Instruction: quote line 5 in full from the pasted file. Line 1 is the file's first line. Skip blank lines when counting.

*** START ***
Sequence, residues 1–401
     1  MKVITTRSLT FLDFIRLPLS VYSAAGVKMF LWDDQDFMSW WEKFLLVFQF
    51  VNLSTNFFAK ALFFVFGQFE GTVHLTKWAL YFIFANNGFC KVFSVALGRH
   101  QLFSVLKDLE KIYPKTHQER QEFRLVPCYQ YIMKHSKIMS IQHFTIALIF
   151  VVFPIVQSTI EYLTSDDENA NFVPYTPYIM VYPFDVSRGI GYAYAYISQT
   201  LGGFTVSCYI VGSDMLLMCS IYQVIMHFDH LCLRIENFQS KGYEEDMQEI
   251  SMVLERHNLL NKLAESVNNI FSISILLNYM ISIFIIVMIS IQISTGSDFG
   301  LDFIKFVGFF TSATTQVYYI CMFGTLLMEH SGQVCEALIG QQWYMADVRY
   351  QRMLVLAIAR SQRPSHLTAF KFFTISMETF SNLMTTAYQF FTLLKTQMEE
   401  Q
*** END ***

   151  VVFPIVQSTI EYLTSDDENA NFVPYTPYIM VYPFDVSRGI GYAYAYISQT